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Some fine print in the Broad museum deal

The Broad Collection museum eventually would receive millions of public dollars as a kind of rebate on its construction cost.

July 30, 2010|By Mike Boehm, Los Angeles Times

Eli Broad's willingness to spend an estimated $100 million to build his downtown art museum has been a leading point in its favor, but the fine print of the deal approved earlier this month by L.A.'s Community Redevelopment Agency calls for Broad's museum to eventually receive millions of public dollars as a kind of rebate on its construction cost.

The museum, tentatively named the Broad Collection, is on track to become the first structure built in the $3-billion Grand Avenue Project, a boulevard of condos, cultural sites, stores, offices and a hotel. The museum is a recent addition to the massive development plan that was approved in 2004, but hasn't gotten off the ground amid a stalled economy.

Broad's museum would receive the money bit by bit as the rest of the Grand Avenue Project is built. It would come from future revenue the Community Redevelopment Agency of Los Angeles expects to receive from the project's developer, Related Cos., under CRA/LA's longstanding policy of requiring all developers the agency does business with to pay 1% of their projects' design and construction costs to create public artworks or support cultural facilities in the neighborhoods where they build.

The deal CRA/LA commissioners approved on July 15 identifies the Broad Collection, at Grand Avenue and 2nd Street, as the cultural facility that will fulfill a large chunk of Related Cos.' percent-for-art obligations — if the Grand Avenue Project proceeds.

If the official $3-billion estimate for building the Grand Avenue project proves accurate, that 1% requirement would generate $30 million for arts and culture. The deal OK'd by redevelopment commissioners entitles the Broad museum to about a third of what Related would owe — about $10.5 million. Additionally, the Broad museum would receive 40% of the arts policy payments from another downtown parcel, not controlled by Related, that was supposed to be part of the 1980s California Plaza project but was never developed.

A spokeswoman for Broad said Wednesday that he would have no comment.

Just how much public money Broad's museum would get — and how soon — would depend on two unpredictable factors: When will the economy loosen up enough for Related Cos. to secure financing so it can proceed with the rest of its plan? And as each building takes shape, what will be the actual design and construction costs on which its 1% for art contribution is calculated?

CRA/LA commissioners voted 4-0 two weeks ago to change the original 2004 Grand Avenue Project plan to include the Broad museum, but their decision must be ratified by the Los Angeles City Council, the county Board of Supervisors and a Joint Powers Authority of local and state officials before the museum can be built. The museum would house more than 2,000 contemporary artworks that the billionaire philanthropist and his wife, Edythe, have collected.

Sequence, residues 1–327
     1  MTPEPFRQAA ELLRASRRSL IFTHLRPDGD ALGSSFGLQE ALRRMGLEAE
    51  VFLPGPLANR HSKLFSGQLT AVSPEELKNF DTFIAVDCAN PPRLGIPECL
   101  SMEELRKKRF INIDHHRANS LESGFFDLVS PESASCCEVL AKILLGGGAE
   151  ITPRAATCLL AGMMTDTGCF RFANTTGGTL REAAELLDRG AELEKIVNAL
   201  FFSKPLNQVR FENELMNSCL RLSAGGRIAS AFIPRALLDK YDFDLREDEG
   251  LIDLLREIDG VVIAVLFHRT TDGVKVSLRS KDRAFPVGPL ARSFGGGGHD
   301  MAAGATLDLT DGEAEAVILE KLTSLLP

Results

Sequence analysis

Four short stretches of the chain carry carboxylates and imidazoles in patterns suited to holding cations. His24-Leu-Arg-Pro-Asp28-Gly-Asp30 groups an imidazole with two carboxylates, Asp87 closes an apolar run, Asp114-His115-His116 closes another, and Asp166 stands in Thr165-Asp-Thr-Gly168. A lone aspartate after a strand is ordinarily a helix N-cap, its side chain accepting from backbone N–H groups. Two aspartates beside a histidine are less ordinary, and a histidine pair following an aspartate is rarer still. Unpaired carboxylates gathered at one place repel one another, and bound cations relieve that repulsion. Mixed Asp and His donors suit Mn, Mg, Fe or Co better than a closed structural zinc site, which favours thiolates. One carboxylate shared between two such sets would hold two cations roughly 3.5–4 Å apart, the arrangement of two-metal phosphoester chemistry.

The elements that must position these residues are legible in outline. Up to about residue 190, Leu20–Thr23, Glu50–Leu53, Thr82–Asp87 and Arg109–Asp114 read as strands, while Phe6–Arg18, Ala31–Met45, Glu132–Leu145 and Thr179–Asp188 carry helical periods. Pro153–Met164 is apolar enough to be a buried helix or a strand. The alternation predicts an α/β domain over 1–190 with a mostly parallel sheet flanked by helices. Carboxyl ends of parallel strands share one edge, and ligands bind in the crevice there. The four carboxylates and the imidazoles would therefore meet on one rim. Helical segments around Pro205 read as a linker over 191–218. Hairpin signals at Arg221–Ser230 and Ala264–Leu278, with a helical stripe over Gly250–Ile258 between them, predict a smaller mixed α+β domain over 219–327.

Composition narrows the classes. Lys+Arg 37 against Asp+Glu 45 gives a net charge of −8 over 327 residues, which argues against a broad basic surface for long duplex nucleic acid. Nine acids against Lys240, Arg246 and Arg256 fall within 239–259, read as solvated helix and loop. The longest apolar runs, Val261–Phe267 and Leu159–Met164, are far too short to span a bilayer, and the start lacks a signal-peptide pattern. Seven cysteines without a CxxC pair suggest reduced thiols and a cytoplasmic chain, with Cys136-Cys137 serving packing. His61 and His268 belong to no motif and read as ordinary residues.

Under the rebate agreement, the Broad Collection would get 40 cents on each dollar paid to satisfy the 1% for art requirement on four of five downtown redevelopment parcels, and 20 cents on the dollar for the fifth site. The 20-cent share stems from that site's arts policy revenue already having been largely committed to a different, as-yet-undetermined cultural facility called for in the original Grand Avenue plan.

The CRA/LA requires that developers ante up at least 40% of their arts obligation in cash, which is then spent as the agency sees fit for artworks or cultural facilities in that location. Developers typically choose to spend the other 60% commissioning artworks themselves, subject to CRA/LA approval, said Susan Gray, the redevelopment agency's cultural planner. She said that CRA/LA determined that offsetting the Broad museum's construction costs would be the "best option" for spending the cash generated from neighboring sites under the 1% for arts policy.

David Riccitiello, downtown regional administrator for CRA/LA, said there are two precedents for funneling a redevelopment project's arts fees to a single museum. In the 1980s, the developers of California Plaza satisfied their 1% for art obligation with $23 million that paid the cost of building the Museum of Contemporary Art, which is across Grand Avenue from the proposed Broad museum site. In 2007, $10.4 million in 1% for arts fees from the L.A. Live project and an adjoining redevelopment site was used to build the Grammy Museum at L.A. Live.

Broad's deal isn't as sweet, Riccitiello said: His museum won't get an upfront payment but a rebate that comes in piece by piece, depending on how future development proceeds.

The public discussion at the meeting in which redevelopment officials voted to add the museum to the Grand Avenue project included no mention of the reimbursement plan. The provision was made public in a single paragraph of a 10-page memo prepared by CRA/LA staffers; the memo, whose provisions the redevelopment commissioners voted to approve without detailed discussion, was available at the meeting and on the agency's website.

mike.boehm@latimes.com

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